AC: My 2-hand tapping technique… Hmmmm…. Well, there is a lot of Victor Wooten’s influence when it comes to my 2-hand tapping technique. I got his “A Show Of Hands” release when I was 16. When I got that album I said, “there is no way 1 person can be playing all of this!” (Laughter) So, I listened to that album and figured out what he was doing. I began applying what I thought he was doing to the bass. I sat with my CD player for 8-hours at a time figuring out how he was playing those songs the way he did. When I finally got the concept down, I took the same concept and played it my way. Then, I began learning other songs by learning the bass lines and melody at the same time.
As I started practicing that way I began to see a pattern. I realized that every time I tapped out songs… they felt like grooves! So, instead of thinking about a lot of notes, I looked at songs as 1 big groove! After that, a lot of songs started to come more easily, as far as 2-hand tapping technique is concerned.
Later on, as I got more comfortable with tapping, I started to approach tapping the way a piano player would. For example, if a pianist is soloing, they will play chords with their left hand and solo with their right hand. Sometimes they might also alter the chords with their left hand while playing the corresponding lines with their right hand to give an extra edge. I use that same concept.
BAJ: Unlike many young bassists, it seems you were listening to your dad’s music more than others bother to! Good! You site Geddy Lee and Eddie Van Halen as refreshingly unexpected influences! (Editor’s note: Geddy was my commencing influence – however I began playing in the late 1970’s!) What tunes really “hit you over the head” when you were younger?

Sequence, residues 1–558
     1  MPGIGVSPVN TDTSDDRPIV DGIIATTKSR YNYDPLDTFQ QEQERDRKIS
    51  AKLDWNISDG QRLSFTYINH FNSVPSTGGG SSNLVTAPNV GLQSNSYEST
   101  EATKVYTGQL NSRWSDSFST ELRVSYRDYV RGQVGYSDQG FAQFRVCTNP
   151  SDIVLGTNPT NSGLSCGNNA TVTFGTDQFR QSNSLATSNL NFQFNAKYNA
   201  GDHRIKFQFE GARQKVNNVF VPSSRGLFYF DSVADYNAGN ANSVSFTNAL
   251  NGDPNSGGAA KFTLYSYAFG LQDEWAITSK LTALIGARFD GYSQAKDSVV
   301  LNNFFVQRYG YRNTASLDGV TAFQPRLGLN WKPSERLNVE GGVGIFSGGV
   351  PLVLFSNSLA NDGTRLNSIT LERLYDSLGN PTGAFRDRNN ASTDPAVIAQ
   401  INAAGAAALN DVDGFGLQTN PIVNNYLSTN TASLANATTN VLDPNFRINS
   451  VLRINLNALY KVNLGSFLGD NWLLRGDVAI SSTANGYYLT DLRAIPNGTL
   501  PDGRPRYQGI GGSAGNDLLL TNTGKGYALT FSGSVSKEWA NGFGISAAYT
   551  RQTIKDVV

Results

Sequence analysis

AC: I have heavily influenced by rock musicians. Van Halen is one my favorite groups! The first album I got was “For Unlawful Carnel Knowledge”. The first song on that album, “Poundcake”, blew me away and I was hooked! Then I started to get their older recordings. Also, Geddy Lee always blows my mind when I heard him play! I love the way he writes songs. He always has his own sound, and he is very musical. BAJ, you’ve also said that you were into Geddy Lee in the 70’s! But, I didn’t get into him until “Roll The Bones” – which came out in the early 90’s. Like I did with Van Halen, I went back and got the older RUSH albums. Then I got a video that featured a lot of older RUSH videos. I used to watch that videotape, again and again, learning those songs and being amazed every time I saw Geddy! Just talking about this brings back good memories!
Another great band that was a big influence was Living Colour. The first record I got of theirs was “Time’s Up”. Every song blew me away! Then “Stain” came out…! That’s how I discovered Doug Wimbish. Doug’s style and approach opened up many doors for me! My favorite song that I still listen to from that album is “Go Away”!
BAJ: Even though you site a number of rock influences, you released a version of “Giant Steps” on “Urban Jazz”! Nicely done. That said, tell us about your approach to the tune, and what was the central theme of your brief, blazing solo?
AC: “Giant Steps” is a song I always wanted to learn how to play. I leaned the basics a while back, but I wanted to be able to solo over the changes. It is a really good exercise to be able to play though any difficult tune. So, I wanted to capture that aspect on my CD, and I wanted to surprise listeners with a version of this great tune. Even though my disc is an urban approach to jazz music, I also wanted to feature a jazz standard that every jazz musician would know and feature myself on that song.